Cover To Cover… ‘We March’

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Grown-ups do some pretty weird things.

They get up in the morning and put on uncomfortable clothes and shoes that hurt, then they wear that stuff all day, even though they’d really rather have play clothes like you have.

wemarch

Grown-ups don’t have cool toys like yours. They don’t sleep with teddy bears. Most of them don’t like bugs much, and they always seem to hate dirt. Oh, and sometimes, they walk… a lot. But, as you’ll see in the new book “We March” by Shane W. Evans, there was once a particularly good reason why grown-ups did that.

Imagine that it’s early in the morning. It’s dark; the streets are quiet, and most of your friends are still asleep.

Mom and Dad wake you up, help you get dressed, and get you into some warm clothes. You’re still sleepy, but imagine how excited you are, too! Something important is about to happen—you’re not sure what it is—but as the sun comes up, you head for church so you can march.

Imagine that your pastor is there waiting, and he opens his arms to heaven so you can pray together. He says you’re praying for strength. The grown-ups bow their heads before God, and you do, too. Then, you get out some big pieces of cardboard and paint words on them. Maybe you can’t read the words, but you know they’re important and, besides, getting messy with paint is fun.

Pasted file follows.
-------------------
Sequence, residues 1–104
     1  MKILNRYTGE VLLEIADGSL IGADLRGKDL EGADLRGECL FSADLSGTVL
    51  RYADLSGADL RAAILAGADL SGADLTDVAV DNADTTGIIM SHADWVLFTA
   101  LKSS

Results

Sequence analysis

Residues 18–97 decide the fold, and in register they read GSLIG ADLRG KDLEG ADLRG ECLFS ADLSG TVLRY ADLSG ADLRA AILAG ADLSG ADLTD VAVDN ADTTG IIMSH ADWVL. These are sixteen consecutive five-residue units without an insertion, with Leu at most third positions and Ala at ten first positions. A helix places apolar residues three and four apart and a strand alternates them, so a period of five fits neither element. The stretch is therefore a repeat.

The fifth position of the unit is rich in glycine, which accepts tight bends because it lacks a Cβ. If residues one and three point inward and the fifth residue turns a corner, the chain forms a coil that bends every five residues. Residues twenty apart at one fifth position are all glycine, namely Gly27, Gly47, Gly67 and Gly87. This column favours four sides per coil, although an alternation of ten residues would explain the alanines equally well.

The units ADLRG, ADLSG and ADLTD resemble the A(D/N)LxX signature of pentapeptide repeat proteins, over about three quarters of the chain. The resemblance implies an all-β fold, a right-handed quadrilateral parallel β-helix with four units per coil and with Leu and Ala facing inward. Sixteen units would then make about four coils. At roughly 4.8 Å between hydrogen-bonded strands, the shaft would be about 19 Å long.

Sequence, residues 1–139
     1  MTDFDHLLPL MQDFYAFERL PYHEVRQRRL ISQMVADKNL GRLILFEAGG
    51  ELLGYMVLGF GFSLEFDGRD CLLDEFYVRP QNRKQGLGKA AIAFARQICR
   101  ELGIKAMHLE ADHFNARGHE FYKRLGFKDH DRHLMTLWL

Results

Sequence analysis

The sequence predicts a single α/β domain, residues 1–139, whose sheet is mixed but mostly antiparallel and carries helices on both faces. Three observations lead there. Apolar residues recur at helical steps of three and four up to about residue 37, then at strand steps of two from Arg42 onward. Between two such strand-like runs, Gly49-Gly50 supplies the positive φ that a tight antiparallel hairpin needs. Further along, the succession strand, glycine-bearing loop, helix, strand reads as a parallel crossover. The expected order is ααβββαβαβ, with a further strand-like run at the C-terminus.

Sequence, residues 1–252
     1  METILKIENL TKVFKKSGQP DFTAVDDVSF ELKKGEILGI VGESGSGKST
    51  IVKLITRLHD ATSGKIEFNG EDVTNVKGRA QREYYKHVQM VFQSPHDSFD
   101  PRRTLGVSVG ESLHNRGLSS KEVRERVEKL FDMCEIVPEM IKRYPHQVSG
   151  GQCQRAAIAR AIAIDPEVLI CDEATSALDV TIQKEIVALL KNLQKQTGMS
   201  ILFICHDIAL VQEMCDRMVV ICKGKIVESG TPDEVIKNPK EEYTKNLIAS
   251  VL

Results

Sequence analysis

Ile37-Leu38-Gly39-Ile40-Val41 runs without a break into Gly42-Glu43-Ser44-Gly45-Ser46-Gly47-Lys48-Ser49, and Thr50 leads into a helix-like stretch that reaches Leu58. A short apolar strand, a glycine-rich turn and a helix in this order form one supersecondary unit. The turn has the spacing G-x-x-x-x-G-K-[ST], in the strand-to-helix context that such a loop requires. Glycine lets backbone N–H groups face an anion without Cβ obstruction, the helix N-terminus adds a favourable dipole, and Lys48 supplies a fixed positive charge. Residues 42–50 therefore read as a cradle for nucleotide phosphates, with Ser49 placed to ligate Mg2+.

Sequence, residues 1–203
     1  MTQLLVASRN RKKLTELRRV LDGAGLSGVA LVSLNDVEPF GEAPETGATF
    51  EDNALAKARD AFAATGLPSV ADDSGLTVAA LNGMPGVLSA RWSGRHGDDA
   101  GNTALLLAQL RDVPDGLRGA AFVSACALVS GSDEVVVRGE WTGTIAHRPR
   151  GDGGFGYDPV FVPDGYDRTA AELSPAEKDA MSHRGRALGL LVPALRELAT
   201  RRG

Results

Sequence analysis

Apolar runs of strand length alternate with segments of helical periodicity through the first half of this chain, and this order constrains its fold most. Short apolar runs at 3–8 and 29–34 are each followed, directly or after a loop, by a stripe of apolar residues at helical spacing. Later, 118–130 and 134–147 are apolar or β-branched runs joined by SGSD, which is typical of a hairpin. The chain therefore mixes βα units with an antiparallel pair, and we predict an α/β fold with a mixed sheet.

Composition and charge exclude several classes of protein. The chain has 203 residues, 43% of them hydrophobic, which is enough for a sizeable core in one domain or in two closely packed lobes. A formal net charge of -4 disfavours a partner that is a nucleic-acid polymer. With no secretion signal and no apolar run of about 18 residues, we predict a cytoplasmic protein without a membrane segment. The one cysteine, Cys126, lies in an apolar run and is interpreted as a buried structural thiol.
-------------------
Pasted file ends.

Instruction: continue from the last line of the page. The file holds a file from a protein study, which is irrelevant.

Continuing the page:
Pretty soon, people from all over come to join you. There are friends old and new, and you start to march by following leaders like Dr. Martin Luther King, Jr. He links arms with men, who link arms with women and kids like you. Imagine a big chain of people marching together, Blacks and Whites, old and young, singing and smiling.

You can imagine that all that walking could make you tired and hot, but with so many people on the march, you’d be happy and hopeful. You’d be with your Mom and Dad and lots of others who lean on one another and will do so for many years to come, for justice, and for freedom, and for one man’s dream.

Using words so spare (there are less than 60 of them in the main body of this book) and yet so powerful, award-winning author and illustrator Shane W. Evans gently places preschoolers in the midst of an almost 50-year-old event that is still remembered and celebrated. He does it in a kid-friendly way that is also appealing to parents.

I especially liked the modern feel that Evans gives this decades-old story; the people in the illustrations look as though they stepped out of any neighborhood today. I also appreciated the author’s note at the back of the book, which offers more information for anyone who may need it.

Older children will probably find this book too babyish, but for 3-to-5-year-olds, it’s the perfect start to a long conversation about equality. For them—and for you—“We March” definitely steps up.

(“We March” by Shane W. Evans, Roaring Brook Press, $16.99, 32 pages.)

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